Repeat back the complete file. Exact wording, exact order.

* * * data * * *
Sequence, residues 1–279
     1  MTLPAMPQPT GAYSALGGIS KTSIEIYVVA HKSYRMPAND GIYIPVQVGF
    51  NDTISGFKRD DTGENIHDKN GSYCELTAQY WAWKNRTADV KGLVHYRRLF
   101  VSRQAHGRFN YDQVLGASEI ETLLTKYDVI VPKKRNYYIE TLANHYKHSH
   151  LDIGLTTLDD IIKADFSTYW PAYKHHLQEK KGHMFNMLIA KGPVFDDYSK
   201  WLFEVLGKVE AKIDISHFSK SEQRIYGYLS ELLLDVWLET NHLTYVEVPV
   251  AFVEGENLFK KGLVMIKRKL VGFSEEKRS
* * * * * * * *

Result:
Sequence, residues 1–279
     1  MTLPAMPQPT GAYSALGGIS KTSIEIYVVA HKSYRMPAND GIYIPVQVGF
    51  NDTISGFKRD DTGENIHDKN GSYCELTAQY WAWKNRTADV KGLVHYRRLF
   101  VSRQAHGRFN YDQVLGASEI ETLLTKYDVI VPKKRNYYIE TLANHYKHSH
   151  LDIGLTTLDD IIKADFSTYW PAYKHHLQEK KGHMFNMLIA KGPVFDDYSK
   201  WLFEVLGKVE AKIDISHFSK SEQRIYGYLS ELLLDVWLET NHLTYVEVPV
   251  AFVEGENLFK KGLVMIKRKL VGFSEEKRS